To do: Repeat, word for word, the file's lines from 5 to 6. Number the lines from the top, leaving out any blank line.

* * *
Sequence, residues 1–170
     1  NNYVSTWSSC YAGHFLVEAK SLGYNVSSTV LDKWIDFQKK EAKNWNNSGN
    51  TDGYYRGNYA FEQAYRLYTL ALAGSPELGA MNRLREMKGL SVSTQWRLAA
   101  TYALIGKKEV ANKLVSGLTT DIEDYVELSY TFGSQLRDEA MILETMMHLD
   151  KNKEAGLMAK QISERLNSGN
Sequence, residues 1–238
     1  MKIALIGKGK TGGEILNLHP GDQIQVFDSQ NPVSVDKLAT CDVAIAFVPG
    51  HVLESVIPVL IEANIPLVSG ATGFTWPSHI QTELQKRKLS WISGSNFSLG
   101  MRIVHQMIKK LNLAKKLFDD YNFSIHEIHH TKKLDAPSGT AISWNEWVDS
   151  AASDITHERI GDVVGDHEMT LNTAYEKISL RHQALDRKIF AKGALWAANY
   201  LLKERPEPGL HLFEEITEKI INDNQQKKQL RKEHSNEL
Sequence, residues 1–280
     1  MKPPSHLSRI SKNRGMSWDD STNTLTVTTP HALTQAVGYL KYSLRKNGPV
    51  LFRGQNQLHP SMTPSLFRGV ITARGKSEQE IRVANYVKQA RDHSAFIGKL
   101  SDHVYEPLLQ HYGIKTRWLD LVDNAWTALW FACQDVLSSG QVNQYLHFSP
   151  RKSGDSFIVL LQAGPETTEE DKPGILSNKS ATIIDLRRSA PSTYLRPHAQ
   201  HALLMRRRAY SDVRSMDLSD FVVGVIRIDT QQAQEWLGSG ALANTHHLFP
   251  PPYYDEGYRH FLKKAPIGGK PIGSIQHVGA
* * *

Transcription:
   151  KNKEAGLMAK QISERLNSGN
Sequence, residues 1–238